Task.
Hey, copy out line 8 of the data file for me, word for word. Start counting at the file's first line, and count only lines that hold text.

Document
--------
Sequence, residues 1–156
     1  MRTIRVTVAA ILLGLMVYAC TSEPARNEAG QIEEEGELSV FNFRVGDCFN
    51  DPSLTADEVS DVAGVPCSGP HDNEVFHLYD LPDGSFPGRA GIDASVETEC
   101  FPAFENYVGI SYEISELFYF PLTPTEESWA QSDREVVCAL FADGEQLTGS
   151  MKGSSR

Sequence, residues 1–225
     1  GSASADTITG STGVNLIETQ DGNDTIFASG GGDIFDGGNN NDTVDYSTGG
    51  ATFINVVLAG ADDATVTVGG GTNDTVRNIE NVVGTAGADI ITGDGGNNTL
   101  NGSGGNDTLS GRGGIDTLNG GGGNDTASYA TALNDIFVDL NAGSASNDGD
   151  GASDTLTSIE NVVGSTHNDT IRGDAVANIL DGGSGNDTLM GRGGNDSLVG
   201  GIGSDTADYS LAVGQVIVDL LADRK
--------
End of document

    51  ATFINVVLAG ADDATVTVGG GTNDTVRNIE NVVGTAGADI ITGDGGNNTL